The organization — which offers on-site instruction and educational programs in schools around the metro area; runs two concert halls where a mix of national touring acts and up-and-coming locals play shows; and hosts community jams — is on the brink of "total collapse," CEO Paul Lhevine told supporters in an email he sent out March 23.
In the note, he outlined how Swallow Hill plans to survive coronavirus closures and economic uncertainty. Over the past week, he and his team were forced to lay off all of the teachers, hourly workers and a third of the organization's administrative staff in order to keep the nonprofit alive. Those still employed at Swallow Hill took massive pay cuts.
In the wake of the news, some teachers built personal websites so they could take their teaching online through the closure — and perhaps beyond.
Some of the teachers already had private businesses, through which they have long offered music instruction in person and online. But many others scrambled to set up their own online shops, quickly learning to work with students on technologies like Zoom, Dropbox, Google Drive and more, and figuring out how to accept payment through Venmo and deal with their own taxes.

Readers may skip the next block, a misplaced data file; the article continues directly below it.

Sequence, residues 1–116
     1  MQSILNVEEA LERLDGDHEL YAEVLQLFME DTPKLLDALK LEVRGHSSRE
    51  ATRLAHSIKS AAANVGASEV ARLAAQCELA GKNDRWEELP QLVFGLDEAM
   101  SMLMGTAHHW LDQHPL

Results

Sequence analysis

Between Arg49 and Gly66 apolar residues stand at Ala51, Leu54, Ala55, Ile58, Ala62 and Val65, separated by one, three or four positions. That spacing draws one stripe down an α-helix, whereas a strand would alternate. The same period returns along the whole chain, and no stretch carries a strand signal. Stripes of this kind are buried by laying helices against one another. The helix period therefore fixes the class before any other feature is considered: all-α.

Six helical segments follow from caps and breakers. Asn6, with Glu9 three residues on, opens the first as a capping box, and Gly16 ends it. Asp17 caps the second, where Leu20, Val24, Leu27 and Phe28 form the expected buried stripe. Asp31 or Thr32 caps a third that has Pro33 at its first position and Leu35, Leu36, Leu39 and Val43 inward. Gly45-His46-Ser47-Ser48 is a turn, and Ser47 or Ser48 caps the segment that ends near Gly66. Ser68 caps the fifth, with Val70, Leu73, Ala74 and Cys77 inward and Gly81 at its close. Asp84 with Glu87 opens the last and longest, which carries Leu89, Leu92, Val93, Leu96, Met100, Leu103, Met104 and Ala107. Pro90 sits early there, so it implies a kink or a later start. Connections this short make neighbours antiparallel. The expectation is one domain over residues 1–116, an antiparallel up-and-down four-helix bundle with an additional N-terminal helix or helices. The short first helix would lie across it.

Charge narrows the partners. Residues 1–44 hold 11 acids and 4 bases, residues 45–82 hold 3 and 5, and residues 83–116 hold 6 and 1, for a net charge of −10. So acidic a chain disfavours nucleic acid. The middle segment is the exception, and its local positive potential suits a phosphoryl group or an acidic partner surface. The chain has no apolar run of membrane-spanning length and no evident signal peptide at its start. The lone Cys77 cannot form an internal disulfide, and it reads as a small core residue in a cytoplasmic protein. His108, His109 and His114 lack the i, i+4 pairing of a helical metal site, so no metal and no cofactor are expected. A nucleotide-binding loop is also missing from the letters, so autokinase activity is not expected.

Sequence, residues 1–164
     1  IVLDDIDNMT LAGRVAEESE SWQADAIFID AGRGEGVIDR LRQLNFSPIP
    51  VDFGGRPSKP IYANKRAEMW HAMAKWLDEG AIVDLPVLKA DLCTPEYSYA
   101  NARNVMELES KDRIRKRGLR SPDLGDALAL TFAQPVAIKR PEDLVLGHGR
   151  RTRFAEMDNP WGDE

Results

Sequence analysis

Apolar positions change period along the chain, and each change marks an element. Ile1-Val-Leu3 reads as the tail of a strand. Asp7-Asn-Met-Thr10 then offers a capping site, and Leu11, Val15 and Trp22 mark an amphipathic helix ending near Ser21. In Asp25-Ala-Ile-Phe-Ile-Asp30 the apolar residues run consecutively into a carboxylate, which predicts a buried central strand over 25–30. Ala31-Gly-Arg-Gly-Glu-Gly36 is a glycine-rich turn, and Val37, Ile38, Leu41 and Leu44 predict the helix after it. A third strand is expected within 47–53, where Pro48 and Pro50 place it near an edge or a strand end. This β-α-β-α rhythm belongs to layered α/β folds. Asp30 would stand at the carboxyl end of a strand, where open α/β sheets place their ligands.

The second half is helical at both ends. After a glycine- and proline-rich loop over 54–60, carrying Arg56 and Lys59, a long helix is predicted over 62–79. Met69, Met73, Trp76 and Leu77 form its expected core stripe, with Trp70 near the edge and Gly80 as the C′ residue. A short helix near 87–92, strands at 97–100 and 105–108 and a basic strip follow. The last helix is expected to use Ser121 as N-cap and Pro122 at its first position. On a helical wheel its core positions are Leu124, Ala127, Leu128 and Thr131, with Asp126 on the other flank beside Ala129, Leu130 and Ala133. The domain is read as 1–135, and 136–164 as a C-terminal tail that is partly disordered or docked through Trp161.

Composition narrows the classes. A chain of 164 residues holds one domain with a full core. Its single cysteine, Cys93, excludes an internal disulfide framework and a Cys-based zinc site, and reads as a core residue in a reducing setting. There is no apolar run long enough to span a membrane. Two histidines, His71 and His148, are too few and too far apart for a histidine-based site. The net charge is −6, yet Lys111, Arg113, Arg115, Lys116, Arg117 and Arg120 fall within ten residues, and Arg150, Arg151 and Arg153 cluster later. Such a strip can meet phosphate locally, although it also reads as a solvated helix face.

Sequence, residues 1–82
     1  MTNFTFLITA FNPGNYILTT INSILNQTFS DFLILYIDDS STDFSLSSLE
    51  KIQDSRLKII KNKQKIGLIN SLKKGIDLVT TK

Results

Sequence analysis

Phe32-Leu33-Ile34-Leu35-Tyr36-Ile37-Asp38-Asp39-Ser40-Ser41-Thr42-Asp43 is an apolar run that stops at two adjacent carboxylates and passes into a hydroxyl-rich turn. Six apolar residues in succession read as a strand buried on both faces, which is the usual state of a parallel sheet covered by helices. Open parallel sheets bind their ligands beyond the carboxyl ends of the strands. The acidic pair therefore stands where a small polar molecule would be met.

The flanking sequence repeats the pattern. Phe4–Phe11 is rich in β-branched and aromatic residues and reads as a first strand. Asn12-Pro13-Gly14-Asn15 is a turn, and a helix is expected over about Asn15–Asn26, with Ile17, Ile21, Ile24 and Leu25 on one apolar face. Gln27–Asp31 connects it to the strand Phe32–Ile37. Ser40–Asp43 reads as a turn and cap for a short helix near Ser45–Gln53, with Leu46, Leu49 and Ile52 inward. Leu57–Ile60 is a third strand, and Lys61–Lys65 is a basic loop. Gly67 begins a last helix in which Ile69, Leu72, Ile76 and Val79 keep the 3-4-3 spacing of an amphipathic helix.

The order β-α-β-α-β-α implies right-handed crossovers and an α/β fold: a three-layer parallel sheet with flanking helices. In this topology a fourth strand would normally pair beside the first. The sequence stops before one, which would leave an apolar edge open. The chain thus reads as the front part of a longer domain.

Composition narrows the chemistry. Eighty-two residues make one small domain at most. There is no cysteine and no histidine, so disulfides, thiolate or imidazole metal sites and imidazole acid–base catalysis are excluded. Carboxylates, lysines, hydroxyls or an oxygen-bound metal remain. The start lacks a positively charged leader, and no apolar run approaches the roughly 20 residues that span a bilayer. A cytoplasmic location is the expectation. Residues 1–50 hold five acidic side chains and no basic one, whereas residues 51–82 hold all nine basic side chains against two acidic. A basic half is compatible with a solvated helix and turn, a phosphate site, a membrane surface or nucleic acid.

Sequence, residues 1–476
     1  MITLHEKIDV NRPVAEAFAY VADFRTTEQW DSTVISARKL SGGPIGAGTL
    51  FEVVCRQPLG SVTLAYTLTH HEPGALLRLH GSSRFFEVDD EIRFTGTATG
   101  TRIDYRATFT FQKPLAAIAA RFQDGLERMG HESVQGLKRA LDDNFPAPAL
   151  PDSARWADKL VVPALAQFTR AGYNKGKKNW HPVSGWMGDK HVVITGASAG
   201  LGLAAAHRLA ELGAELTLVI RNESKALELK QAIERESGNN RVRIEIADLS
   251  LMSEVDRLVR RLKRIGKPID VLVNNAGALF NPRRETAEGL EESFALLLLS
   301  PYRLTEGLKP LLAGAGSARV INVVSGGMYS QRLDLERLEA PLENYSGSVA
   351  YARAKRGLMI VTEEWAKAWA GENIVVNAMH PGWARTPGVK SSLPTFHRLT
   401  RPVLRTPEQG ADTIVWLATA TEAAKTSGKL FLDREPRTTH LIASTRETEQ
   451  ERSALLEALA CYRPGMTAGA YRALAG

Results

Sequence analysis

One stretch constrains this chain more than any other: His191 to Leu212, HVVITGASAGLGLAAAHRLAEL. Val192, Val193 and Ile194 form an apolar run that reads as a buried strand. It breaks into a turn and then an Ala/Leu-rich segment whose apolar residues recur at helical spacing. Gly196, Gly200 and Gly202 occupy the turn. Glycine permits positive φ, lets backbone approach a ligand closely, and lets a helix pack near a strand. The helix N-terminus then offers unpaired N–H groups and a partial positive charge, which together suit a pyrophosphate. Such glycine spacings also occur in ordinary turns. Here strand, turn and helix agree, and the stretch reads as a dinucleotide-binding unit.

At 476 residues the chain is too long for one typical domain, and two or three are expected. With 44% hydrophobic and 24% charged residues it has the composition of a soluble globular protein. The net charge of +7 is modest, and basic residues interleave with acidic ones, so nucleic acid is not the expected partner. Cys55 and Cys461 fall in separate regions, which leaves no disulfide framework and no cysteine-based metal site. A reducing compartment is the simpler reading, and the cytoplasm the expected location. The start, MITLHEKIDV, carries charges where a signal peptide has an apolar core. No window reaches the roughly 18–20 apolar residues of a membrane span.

set up a page on its website where some instructors have listed their private offerings and links to their personal websites.
"The vast majority of teachers are trying to do some stuff at home, and so that list represents a small number of those who are actually teaching," says voice teacher Molly Zackary.
She hopes the Swallow Hill list will be updated to include new offerings from more instructors. "Hopefully people will continue to check back in, and if people have relationships with teachers from years ago, they need to check back in with them directly," she says.
But some teachers say they're frustrated that virtual classes weren't already an option. "People had been saying, maybe let’s move to online options, since Swallow Hill is so awesome," Zackary says. "That’s been pooh-poohed by admin."
At the moment, the organization's lucrative summer series at the Denver Botanic Gardens is in question (the Botanic Gardens is also shuttered). Without that income, the board and remaining staff would have a huge task resuscitating Swallow Hill.
"With this small team that remains, we have begun the task of planning for how we reopen our doors and breathe new life into all of our programming — from group classes and private lessons to concerts, community jams and community outreach," Lhevine wrote supporters. "Our goal is to ensure when this crisis is over, Swallow Hill will once again be able to open our doors, bring our teachers back to work, and invite our community to come together as the music community that means so much to so many."
Zackary hopes to return to Swallow Hill soon, but she's aware that the costs of setting up a home business will make it necessary to do more private classes online, even after the statewide shutdown is lifted.